Asia-Pacific governments are calling for vigilance against protectionism as economic growth slows in parts of the region and completion of a 12-nation trade accord looks set to be delayed further.
Leaders from the Asia-Pacific Economic Cooperation member countries are meeting in Bali this week to discuss ways to boost their economies as an uneven global recovery and volatility in financial markets constrain growth.
At stake at the summit is progress on the Trans-Pacific Partnership trade deal, as Malaysian Prime Minister Najib Razak said the year-end deadline for completion may not be met and warned some areas of the talks are cause for “great concern” for his country. The accord, which involves countries such as the U.S., Australia, Japan, Malaysia and Vietnam, would link an area with about $28 trillion in annual economic output.
“Protectionism is a problem because it stifles opportunity, because it narrows the market, because it crushes the energy of the marketplace where new solutions are created through that energy,” U.S. Secretary of State John Kerry said in a speech in Bali today. “History has proven again and again that a freer market creates more opportunity, more growth, more dynamism, more innovation.”
Countries should be on guard against requests from companies to protect certain industries, Singapore Prime Minister Lee Hsien Loong said.
“Some are witnessing protectionism in some economies,” Indonesia Trade Minister Gita Wirjawan told Bloomberg Television in Bali today. “The spirit of fighting against protectionism is highly up there in the past couple of days. That’s basically one of the biggest variables of success for the spirit of multilateral trading system going forward.”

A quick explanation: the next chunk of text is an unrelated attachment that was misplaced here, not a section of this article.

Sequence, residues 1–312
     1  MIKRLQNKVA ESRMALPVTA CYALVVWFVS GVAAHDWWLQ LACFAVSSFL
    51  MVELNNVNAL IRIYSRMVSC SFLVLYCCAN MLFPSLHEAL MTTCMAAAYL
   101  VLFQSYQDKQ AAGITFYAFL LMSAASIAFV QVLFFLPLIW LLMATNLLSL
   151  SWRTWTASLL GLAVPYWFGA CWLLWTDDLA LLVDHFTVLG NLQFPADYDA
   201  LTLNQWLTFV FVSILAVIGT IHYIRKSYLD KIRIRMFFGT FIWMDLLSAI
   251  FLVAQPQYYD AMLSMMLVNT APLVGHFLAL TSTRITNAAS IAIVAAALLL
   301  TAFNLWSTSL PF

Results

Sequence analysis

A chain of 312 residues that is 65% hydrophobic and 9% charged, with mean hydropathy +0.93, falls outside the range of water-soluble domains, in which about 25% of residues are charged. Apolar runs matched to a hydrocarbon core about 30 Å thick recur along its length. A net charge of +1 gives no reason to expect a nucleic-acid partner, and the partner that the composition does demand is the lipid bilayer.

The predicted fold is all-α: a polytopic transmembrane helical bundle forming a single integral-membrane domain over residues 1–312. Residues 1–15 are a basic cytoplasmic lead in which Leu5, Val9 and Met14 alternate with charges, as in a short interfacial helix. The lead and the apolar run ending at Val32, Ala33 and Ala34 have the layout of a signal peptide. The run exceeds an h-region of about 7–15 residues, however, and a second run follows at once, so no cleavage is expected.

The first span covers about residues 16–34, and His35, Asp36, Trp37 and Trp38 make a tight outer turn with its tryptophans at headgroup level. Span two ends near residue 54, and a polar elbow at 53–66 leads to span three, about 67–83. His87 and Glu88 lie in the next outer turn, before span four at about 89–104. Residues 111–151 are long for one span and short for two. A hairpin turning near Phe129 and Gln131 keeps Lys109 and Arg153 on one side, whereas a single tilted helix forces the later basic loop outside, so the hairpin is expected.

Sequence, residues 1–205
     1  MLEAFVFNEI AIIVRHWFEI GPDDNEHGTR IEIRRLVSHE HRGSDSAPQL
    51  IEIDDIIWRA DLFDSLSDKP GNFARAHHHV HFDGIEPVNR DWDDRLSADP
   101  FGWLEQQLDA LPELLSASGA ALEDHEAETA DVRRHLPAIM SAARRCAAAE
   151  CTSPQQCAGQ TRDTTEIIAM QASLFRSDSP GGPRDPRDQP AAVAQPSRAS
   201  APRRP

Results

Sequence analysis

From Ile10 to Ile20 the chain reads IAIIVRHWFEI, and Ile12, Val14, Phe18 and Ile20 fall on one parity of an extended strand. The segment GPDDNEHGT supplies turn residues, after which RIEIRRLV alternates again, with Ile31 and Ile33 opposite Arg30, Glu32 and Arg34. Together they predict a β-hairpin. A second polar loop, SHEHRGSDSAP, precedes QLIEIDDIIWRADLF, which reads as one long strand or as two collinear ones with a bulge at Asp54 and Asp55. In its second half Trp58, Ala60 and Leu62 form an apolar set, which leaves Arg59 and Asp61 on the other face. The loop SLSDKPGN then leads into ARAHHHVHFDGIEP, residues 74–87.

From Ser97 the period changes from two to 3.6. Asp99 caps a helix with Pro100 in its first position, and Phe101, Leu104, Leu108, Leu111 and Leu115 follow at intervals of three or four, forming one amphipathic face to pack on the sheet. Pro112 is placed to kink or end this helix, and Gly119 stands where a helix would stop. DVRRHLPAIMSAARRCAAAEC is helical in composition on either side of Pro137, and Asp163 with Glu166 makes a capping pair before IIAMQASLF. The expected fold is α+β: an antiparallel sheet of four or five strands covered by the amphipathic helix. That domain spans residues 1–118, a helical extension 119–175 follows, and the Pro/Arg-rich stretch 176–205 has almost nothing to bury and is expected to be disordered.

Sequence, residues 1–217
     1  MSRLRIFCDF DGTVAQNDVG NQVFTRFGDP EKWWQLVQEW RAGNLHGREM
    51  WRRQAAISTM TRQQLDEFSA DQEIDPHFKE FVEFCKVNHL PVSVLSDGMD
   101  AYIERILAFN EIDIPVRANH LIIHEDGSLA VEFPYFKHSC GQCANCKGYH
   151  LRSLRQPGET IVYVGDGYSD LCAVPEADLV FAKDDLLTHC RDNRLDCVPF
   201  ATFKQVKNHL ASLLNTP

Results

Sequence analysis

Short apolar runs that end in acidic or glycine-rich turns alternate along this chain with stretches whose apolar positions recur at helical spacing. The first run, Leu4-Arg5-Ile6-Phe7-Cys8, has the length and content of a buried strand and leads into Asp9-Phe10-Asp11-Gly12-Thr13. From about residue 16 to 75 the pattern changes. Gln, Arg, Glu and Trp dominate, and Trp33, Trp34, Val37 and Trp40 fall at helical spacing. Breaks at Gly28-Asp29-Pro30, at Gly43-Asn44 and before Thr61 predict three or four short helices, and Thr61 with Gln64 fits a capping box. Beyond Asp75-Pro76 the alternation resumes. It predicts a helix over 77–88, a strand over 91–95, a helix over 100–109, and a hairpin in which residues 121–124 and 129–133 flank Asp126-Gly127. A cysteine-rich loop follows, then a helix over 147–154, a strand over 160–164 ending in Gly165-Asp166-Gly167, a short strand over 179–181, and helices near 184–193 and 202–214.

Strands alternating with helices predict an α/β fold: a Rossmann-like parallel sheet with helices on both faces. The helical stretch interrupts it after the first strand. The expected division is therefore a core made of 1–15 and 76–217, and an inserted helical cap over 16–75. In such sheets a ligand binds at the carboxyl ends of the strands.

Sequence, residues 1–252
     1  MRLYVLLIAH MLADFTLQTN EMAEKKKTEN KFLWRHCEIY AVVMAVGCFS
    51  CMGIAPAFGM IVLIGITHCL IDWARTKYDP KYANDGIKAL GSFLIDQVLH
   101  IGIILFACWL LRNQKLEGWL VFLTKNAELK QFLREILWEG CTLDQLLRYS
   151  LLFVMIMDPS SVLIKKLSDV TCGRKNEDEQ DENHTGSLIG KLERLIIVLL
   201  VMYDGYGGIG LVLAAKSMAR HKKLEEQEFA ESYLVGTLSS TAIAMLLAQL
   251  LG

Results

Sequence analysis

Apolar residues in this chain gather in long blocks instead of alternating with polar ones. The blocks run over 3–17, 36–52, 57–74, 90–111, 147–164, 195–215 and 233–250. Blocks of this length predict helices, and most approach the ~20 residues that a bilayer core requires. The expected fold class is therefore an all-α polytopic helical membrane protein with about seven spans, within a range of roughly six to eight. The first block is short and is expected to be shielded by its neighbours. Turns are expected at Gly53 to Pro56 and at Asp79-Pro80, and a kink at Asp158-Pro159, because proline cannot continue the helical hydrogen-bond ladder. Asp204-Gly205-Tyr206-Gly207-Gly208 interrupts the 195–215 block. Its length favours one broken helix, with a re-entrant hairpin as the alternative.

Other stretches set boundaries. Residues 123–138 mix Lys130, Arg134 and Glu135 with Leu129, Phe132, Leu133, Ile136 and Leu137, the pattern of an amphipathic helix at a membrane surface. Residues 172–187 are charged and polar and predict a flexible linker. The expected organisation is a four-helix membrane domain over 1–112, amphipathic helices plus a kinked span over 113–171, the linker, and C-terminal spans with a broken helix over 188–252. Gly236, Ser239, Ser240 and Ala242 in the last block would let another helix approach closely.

Economic nationalism is a big challenge for APEC, said Tony Fernandes, group chief executive officer of AirAsia Bhd. (AIRA), Asia’s biggest budget carrier.
“Everyone benefits by opening up,” Fernandes said in a panel discussion in Bali. “Infrastructure is going to be a key issue going forward.”
Global growth will probably be slower and less balanced than desired, as the world economy is too weak and “risks remain tilted to the downside,” trade and foreign ministers from the 21-member grouping said in a statement Oct. 5.
A slowdown in China and India is reverberating across the region with the Asian Development Bank forecasting expansion at a four-year low in 2013, putting pressure on policy makers to bolster their economies. The Group of 20 countries repeated their concern last month that stimulus pullback in developed nations may prove damaging to global markets.
Since the start of the global financial crisis, governments have been pressured to support exporters, said Vishnu Varathan, an economist at Mizuho Bank Ltd. in Singapore. The number of trade actions seen at the World Trade Organization is evidence of tensions, he said.
“It’s a function of the difficult external environment and competition is on the rise,” Varathan said. “But at the same time, we are seeing more trade agreements being negotiated. Policy makers realize that more trade agreements result in a bigger pie to share.”
TPP governments are seeking momentum during the Bali meetings on the agreement as concessions sought by countries hinder progress in completing negotiations.